Tamar Katz ’23: Translating Ideas Into Solutions
A former investment banker, Katz shares how discovering antitrust helped her find “a path for a more meaningful career” that still incorporated her interest in business and markets.
Hometown: Overland Park, Kansas
Why the Law: Tamar Katz knew she was interested in a career in antitrust, but at the start of law school, she couldn’t necessarily describe what she wanted her career to look like on a day-to-day basis. “Meeting teachers who had spent time in government in different roles—that really clarified for me the range of opportunities that existed for me after I graduated.” As the recipient of the 2023 Millstein Financial Regulation Fellowship, Katz will spend a year working at an executive agency. The fellowship is “an opportunity to learn about antitrust policy in a more policy-oriented setting,” she says.
Favorite Law School Support Team: “The biggest rock in my life is my fiancé. . . . It’s been really nice to watch my whole family really support whatever I was doing.” In 2020, when classes were remote due to the pandemic, Katz spent time away from New York with her family. “My grandparents were always so excited to hear about what I was learning. And one day when I was home, my first year of law school, I was watching a class on Zoom, so I literally put the class on the TV, and they were really excited to watch it with me.”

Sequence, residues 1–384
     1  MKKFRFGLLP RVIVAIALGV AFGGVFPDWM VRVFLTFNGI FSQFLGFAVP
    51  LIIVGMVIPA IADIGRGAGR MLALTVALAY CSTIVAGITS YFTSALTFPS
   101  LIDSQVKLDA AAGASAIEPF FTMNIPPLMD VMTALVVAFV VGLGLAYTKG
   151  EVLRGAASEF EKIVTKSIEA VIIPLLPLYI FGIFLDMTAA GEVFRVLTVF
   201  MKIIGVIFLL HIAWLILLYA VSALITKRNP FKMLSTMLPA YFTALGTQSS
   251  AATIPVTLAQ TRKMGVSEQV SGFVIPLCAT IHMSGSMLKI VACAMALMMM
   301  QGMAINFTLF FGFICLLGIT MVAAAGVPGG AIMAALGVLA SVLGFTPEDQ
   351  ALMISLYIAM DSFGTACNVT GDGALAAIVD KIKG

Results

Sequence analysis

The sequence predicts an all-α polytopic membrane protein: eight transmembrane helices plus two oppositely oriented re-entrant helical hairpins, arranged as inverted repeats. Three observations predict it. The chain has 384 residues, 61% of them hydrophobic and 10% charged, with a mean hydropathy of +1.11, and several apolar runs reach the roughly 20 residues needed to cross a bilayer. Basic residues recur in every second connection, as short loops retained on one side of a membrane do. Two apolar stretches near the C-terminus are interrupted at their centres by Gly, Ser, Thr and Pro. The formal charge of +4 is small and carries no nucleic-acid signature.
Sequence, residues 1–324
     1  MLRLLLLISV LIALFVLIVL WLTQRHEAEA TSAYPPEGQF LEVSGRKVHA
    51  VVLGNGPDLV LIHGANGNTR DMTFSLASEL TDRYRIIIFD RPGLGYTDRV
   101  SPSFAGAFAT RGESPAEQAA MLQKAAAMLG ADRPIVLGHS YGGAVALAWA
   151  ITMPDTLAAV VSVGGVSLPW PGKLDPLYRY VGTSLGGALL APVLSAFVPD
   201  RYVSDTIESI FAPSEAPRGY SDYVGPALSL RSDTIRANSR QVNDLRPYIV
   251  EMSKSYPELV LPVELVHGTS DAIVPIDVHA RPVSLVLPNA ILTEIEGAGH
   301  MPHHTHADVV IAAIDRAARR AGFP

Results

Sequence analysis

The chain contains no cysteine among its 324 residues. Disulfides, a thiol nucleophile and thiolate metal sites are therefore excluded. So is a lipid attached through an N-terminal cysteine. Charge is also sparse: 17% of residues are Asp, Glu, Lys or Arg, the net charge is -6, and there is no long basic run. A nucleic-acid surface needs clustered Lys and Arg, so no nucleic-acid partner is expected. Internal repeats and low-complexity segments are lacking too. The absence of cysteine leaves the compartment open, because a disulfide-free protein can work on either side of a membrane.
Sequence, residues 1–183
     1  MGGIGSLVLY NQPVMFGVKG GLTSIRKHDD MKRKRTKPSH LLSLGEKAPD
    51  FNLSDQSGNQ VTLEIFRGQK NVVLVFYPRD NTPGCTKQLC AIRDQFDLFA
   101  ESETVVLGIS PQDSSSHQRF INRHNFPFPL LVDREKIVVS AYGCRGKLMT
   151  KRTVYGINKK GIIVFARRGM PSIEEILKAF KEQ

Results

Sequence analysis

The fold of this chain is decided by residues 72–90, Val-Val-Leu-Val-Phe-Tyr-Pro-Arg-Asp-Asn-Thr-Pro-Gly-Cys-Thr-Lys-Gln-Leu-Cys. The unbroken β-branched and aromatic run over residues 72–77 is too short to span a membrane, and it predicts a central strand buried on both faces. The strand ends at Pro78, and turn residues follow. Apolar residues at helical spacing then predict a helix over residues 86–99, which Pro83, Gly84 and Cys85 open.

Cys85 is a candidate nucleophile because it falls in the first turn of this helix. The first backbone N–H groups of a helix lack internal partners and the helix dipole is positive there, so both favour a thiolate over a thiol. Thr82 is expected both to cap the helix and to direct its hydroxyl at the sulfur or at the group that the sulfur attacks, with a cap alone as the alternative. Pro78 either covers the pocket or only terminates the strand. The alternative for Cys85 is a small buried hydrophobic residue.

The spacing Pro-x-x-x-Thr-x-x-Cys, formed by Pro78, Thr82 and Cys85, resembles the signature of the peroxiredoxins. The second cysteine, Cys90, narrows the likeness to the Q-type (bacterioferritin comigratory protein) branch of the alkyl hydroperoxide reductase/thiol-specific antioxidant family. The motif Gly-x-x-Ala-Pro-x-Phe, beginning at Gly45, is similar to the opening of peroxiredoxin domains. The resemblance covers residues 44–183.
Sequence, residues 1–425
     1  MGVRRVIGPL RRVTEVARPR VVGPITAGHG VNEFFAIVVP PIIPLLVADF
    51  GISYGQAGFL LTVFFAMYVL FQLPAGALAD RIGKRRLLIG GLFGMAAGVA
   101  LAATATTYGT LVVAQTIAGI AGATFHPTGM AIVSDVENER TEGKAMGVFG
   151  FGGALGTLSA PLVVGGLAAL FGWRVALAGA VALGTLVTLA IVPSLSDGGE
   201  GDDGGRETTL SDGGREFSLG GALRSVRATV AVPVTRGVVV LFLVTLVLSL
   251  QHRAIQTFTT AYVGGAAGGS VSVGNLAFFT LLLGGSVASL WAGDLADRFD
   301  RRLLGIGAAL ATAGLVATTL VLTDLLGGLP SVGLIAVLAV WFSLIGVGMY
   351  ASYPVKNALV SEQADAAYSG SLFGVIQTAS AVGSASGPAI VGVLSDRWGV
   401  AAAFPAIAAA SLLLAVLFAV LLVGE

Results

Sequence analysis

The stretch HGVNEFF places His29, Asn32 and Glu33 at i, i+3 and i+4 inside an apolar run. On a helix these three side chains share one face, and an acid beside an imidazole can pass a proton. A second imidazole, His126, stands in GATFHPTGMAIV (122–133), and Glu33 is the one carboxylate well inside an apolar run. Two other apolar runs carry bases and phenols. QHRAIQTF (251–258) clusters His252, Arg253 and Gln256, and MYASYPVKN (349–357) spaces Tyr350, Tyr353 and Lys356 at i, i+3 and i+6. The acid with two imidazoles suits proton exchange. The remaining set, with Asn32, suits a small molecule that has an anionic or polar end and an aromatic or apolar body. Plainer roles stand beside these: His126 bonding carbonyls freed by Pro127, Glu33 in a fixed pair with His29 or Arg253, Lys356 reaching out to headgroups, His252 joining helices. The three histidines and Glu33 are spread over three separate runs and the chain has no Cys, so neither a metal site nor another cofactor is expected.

At Columbia Law: Recipient, Millstein Financial Regulation Fellowship; Columbia Business Law Review; Law and Political Economy Society; research assistant, Lev Menand, associate professor of law; research and teaching assistant, Tim Wu, Julius Silver Professor of Law, Science and Technology; James Kent Scholar; Harlan Fiske Stone Scholar.
After Columbia Law: Moving to Washington, D.C., to work at an executive agency as part of her Millstein Financial Regulation Fellowship.
“A lot of law school is talking about ideas, but because these are legal ideas, these are ideas about how our society should be structured. And so in an ideal world, the best ideas actually do translate into concrete, implementable solutions that can hopefully make people’s lives better.”